Music in Our Schools Month Profile: Robert L. Edwards

The National Association for Music Education (NAfME) has designated March as Music in Our Schools Month. To celebrate, the jsquared music performance center will be sharing the stories of people who played instruments in grade school and the impact it made on their lives.

Today, we feature Robert L. Edwards. Robert is a Professor of Music and Director of Bands at Johnson C. Smith University and a business consultant. 

Robert L. Edwards

What instrument do you play?

Trumpet, Baritone

At what age did you begin to play your first instrument?


Why did you start playing?

My grandfather was a musician, so I decided to follow in his footsteps. 

What was your experience with music during your elementary, middle and high school years?

In elementary school, my cousins and I used to play a game called “parade” because we were fascinated with marching bands. We used trash can tops as cymbals and sticks for maces. Our imaginations were huge.

In middle school, I joined the band because I wanted to be able to march in the marching band when I joined high school. My first instrument was the horn. I switched to trumpet the next year. By 9th grade, I was actually able to join the marching band.

In high school, I played baritone. I made first chair district band that year and was able to audition for All State band. The next year, I played trumpet and made district band again. The following year, I made first chair district band and auditioned for All State on the trumpet. High school is also where I was first given the chance to arrange music for a band. 

Who was your favorite music teacher? What made them your favorite?

Mr. Kenneth Woodley. He motivated me and helped me to be the person that I am. It's because of him that I understand music the way I do now. He helped me to apply to college, also influencing my choice of school. Because he was a father figure to me, he went the extra mile to go as far as to assist me with filling out the college application and, to this day, I think he is the one that paid my senior dues that year, too. I had saved up all of my change. Went to my guidance counselor to pay my dues and she told me they were taken care of. I know they both looked out for me.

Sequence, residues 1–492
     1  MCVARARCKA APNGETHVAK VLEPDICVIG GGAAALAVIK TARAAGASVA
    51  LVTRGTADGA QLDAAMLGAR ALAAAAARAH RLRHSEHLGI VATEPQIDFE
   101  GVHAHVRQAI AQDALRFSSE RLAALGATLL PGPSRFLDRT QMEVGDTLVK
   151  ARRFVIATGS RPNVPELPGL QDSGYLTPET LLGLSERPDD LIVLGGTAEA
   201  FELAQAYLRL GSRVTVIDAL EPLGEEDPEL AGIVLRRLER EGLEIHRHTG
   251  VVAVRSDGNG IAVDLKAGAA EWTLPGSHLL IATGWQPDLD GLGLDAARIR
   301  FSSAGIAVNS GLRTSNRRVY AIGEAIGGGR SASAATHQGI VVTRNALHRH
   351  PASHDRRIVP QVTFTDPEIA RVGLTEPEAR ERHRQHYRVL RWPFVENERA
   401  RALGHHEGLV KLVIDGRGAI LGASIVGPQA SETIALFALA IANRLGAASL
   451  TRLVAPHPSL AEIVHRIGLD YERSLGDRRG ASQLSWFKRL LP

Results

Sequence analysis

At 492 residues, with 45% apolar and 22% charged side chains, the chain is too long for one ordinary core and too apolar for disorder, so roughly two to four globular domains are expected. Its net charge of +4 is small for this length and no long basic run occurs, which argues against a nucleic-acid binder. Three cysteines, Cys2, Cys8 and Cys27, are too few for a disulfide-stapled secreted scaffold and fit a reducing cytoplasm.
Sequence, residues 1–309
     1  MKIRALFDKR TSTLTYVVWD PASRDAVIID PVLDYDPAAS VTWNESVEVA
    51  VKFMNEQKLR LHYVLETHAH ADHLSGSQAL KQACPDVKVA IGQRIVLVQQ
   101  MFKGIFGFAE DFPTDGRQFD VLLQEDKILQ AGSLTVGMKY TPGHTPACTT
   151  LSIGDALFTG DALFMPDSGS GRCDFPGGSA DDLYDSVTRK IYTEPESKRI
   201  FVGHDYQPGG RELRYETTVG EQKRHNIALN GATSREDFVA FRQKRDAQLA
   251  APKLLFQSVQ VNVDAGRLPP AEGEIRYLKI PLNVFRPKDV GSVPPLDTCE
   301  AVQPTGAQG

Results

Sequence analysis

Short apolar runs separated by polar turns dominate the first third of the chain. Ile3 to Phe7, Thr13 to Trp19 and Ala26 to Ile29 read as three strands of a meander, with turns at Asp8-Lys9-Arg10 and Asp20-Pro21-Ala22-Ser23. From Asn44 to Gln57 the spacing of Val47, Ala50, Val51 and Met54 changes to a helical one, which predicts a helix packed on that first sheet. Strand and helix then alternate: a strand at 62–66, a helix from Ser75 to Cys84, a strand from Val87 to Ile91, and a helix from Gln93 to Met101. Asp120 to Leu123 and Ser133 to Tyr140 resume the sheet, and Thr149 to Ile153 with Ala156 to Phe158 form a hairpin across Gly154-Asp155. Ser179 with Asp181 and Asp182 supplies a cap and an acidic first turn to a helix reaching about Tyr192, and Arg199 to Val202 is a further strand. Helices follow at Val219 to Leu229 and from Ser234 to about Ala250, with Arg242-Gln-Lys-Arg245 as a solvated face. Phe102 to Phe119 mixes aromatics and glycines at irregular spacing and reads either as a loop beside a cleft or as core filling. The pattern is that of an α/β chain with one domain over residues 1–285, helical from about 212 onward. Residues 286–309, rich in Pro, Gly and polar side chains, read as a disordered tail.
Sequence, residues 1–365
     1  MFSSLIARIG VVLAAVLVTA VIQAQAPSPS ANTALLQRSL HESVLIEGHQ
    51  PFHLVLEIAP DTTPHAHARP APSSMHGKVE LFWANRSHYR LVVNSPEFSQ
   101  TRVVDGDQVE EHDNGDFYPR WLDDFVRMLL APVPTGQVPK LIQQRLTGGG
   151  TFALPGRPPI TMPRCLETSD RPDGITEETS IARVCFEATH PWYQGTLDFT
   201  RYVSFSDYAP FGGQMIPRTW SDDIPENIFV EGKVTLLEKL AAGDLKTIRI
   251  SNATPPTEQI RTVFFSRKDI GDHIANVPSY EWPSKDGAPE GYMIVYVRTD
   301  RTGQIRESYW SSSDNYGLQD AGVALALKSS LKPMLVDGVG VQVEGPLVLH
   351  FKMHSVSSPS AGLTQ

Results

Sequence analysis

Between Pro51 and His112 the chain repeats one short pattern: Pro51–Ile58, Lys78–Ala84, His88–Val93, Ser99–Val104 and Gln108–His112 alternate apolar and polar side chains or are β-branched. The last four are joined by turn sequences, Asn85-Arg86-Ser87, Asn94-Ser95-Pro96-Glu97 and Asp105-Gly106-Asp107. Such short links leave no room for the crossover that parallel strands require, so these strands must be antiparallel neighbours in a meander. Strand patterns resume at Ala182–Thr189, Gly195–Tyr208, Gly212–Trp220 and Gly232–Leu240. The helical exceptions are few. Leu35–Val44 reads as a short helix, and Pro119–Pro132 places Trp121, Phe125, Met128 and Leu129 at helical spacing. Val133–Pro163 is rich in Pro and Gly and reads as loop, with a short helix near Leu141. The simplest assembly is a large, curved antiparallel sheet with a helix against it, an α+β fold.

What is your favorite band memory from grade school?

Everything. But, if I had to pick one, when I was in 11th grade one of the tuba players (our resident prankster) made a trombone player eat a chocolate covered cricket. She thought it was a regular piece of candy. When she found out that it was a cricket, she froze. Then she started rocking back and forth. After a few seconds of rocking, she got up, picked up a stand and hit him  upside the head with it. I will never forget that. 

Did you play an instrument in college? Did music impact your college choice?

Yes, I played the trumpet at Norfolk State University. As I said earlier, my high school band director influenced my college choice. 

What is your current occupation?

Professor of Music and Director of Bands at Johnson C. Smith University and business consultant. 

How has music helped you in your current occupation?

Music is my current occupation. It was in college that my band director, Dr. Sanford, told me that I was a jack of all trades and master of none. I was trying to do everything freshman year. I was a part of every organization on campus. His words helped me to focus myself. Because of my newfound focus on music, I was given the opportunity to arrange for the marching band. My arrangements caught the attention of other college band directors and I was able to obtain my first college job as Music Instructor and Assistant Director of Bands at Shaw University at the age of 25 because of it. 

How has music played a part in your adult life?

I’ve had the chance to help others better themselves through music, whether it's in their current occupations or through the opportunity to go to college through scholarships. I also use music as a vehicle to guide students to develop their communication and soft skills that will assist them when they seek employment and other opportunities after graduation. 

What advice do you have for young musicians?

If you want to go into music as a profession, you have to make sure you stay on your craft. Find a way to make yourself stand out from the other musicians. The only way to do that is to be yourself. Be humble. Study to perfect your practice so that you know what you are doing.


Like this post? Subscribe to get more like it sent straight to your inbox.

* indicates required